Kaufman the dating game
Sometimes it can be hard to crack Hollywood when you're an up and coming actor.
You've got to play the game -- or in this case, the game show.
Three decades ago, game show producer Chuck Barris predicted how his obituaries would begin: "Gonged! If there is a celestial game show host, He has rung the bell for Barris, who died this past week at the age of 89. There would be no President Trump if there had been no "The Dating Game" and our current culture in which people want to Live Stream their tonsilectomies would not have arrived—at least not so soon—without him.
The creator of such lowbrow but sometimes amusing TV shows as "The Dating Game" and "The Newlywed Game" and the creator and host of "The Gong Show" was living a quiet life in Rockland County, New York. It has been 15 years since "Confessions of a Dangerous Mind," the movie loosely based on his "unauthorized autobiography" came out, and decades since the sale of his TV production company made him a centi-millionaire. Raised in a moderately well-off Jewish family in Philadelphia, Barris's first interest was in music.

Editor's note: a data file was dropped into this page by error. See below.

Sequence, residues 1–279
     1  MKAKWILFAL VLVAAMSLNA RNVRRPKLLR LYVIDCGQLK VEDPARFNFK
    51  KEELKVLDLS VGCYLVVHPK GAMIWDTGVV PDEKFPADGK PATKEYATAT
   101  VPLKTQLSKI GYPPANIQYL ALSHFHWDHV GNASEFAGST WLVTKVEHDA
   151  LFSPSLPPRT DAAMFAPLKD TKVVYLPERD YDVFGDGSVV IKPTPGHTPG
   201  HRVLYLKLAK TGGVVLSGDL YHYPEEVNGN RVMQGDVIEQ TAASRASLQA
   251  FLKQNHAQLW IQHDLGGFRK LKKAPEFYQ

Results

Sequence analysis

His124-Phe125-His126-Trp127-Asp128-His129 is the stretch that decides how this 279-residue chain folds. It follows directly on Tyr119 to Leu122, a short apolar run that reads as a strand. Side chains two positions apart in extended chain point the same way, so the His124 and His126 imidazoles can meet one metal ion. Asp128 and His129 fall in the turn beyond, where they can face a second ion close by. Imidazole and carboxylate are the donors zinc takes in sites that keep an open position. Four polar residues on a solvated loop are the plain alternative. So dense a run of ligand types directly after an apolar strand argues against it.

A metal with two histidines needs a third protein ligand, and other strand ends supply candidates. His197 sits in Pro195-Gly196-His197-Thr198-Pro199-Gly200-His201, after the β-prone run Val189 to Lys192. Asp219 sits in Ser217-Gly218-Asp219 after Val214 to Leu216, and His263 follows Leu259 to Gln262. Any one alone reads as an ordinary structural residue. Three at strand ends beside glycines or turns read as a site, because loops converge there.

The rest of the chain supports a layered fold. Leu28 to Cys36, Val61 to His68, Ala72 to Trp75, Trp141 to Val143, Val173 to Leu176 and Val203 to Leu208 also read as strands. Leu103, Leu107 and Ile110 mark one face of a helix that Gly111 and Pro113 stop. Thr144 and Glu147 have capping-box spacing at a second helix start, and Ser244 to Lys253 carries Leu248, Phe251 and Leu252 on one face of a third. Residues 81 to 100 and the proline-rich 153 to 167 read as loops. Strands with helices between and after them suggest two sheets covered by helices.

Barris then talked his way into an internship with NBC and his songwriting brought him a position working with the young Dick Clark, and, through that, he wound up at ABC.
His success was not that of a Chance The Gardener-like figure, an imbecile who wandered into a fortune through happenstance.But, arguably, Barris's real legacy was more profound.